Arrested for Driving Under the Influence?

DUI attorneyWhat you must know about how DMV and Criminal Sanctions Affect the Validity of your Driving License

Once you are arrested for driving under the influence, you might be concerned about how the getting convicted with the pending charges might affect your record. You might worry that if convicted, you could lose your license for a period of time and suffer from losing your driving privileges. However, did you know that once you’re charged with a DUI, the Department of Motor Vehicles will seek to suspend your license for merely being arrested on a DUI charge? In case you weren’t aware, the DMV will pursue your license suspension after you’ve been cited for driving under the influence, regardless of whether you get convicted or not. This measure is entirely separate from the criminal charges the State pursues against you.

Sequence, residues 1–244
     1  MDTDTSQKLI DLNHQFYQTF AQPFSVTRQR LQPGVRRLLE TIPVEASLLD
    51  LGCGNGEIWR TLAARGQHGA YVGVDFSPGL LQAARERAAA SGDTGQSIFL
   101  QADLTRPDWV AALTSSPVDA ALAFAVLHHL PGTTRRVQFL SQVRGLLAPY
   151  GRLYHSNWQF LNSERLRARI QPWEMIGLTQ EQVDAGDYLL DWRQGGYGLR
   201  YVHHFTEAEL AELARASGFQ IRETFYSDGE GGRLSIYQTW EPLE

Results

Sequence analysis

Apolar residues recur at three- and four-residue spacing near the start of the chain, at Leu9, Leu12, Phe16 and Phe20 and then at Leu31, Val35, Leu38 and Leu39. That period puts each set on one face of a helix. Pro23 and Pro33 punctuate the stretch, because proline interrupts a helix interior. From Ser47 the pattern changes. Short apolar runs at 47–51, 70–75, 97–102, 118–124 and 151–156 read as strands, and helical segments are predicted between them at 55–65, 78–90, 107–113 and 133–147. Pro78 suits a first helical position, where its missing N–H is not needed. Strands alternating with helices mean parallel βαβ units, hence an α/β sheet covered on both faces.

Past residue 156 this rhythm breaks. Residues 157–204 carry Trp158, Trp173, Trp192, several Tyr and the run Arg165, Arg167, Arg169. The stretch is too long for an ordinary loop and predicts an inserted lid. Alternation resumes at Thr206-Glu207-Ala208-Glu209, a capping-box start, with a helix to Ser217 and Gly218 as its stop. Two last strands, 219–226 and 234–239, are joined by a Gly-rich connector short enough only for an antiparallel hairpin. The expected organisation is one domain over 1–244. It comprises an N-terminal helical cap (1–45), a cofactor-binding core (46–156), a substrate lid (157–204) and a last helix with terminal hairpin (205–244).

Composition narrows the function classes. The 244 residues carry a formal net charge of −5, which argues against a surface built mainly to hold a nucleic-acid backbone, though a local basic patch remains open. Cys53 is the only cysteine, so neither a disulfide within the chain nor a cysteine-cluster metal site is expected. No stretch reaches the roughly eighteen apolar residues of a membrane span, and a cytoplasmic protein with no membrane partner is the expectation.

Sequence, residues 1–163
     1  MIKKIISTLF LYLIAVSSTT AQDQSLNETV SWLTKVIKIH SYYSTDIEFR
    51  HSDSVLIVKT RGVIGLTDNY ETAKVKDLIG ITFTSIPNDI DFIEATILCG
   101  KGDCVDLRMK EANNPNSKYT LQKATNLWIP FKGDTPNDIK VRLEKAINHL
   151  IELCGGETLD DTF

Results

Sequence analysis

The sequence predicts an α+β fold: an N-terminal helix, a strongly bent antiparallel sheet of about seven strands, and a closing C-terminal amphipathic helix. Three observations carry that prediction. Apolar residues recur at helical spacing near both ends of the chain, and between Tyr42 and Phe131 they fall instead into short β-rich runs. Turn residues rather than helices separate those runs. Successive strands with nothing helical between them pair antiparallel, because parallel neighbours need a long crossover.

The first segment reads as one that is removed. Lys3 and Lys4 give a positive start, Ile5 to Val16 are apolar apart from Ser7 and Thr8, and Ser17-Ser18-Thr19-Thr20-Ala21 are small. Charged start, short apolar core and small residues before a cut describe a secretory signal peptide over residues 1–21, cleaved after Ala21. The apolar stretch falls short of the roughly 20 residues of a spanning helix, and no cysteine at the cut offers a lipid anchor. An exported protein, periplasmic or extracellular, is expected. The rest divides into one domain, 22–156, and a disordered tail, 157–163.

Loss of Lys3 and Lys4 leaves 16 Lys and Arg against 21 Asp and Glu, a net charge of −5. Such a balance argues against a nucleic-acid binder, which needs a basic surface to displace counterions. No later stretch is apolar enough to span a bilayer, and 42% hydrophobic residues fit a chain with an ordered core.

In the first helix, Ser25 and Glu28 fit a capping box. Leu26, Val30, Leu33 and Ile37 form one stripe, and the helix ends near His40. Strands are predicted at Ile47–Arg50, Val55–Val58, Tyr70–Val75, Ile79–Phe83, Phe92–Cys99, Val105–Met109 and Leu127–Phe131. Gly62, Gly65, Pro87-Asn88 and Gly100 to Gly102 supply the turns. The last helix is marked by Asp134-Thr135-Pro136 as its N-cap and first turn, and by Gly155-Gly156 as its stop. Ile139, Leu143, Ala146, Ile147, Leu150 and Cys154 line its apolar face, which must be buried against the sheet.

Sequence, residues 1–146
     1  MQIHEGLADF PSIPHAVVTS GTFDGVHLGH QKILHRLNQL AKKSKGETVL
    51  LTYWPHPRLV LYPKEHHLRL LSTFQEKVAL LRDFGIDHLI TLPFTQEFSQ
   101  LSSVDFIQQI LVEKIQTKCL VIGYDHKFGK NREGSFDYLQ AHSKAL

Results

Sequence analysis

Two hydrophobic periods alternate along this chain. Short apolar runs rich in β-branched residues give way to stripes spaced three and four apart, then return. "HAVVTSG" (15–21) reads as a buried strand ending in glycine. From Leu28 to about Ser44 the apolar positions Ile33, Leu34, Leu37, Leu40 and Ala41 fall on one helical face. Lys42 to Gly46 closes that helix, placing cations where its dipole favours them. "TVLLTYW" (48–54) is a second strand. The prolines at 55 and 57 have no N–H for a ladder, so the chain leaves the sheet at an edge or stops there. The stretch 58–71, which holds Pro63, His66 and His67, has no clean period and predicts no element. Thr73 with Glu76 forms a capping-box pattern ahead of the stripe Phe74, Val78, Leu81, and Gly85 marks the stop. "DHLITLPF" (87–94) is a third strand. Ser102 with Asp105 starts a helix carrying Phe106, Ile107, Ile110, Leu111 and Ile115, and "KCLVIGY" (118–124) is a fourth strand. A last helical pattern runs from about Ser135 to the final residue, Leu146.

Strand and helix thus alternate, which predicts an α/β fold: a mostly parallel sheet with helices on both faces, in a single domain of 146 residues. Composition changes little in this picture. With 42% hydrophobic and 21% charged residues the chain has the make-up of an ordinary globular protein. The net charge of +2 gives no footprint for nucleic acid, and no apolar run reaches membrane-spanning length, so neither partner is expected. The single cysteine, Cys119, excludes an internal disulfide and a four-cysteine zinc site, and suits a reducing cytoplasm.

Although the certainty of facing a DMV license suspension adds more stress on top of defending a DUI conviction, knowing how to handle these circumstances is half the battle. Hiring an experienced DUI attorney, like those at the Law Office of Ameen and Shafii, can help you navigate through the obstacles that a DUI charge brings, and move you several steps closer to securing your license and your freedoms.

The Procedure:

After you are arrested for a DUI, you only have 10 days to contest the DMV suspension of your license. Within this time span, you’re required to request a hearing with the DMV even if your criminal case is dropped, or your license will automatically be suspended. Seeking experienced DUI counsel is very important during this period, as time is of the essence.

Once a hearing is scheduled, a DMV appointed hearing officer will be appointed to your case. Like a standard court case, witness subpoenas and supporting documents are considered to determine whether or not the officer properly determined you were above threshold. The DMV has lower standards for what can be admitted during this hearing, so be aware that most supporting evidence will be considered to determine if the officer who cited you had probable cause. After consideration, the examiner will either uphold or rescind the suspension, and you will be notified of this outcome by mail.

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